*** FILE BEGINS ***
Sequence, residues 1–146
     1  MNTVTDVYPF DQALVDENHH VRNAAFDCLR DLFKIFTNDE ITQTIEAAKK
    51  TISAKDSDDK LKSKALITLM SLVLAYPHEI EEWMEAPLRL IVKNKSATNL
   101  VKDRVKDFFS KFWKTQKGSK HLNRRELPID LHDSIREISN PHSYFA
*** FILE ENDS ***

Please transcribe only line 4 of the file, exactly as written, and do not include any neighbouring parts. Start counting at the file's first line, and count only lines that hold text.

   101  VKDRVKDFFS KFWKTQKGSK HLNRRELPID LHDSIREISN PHSYFA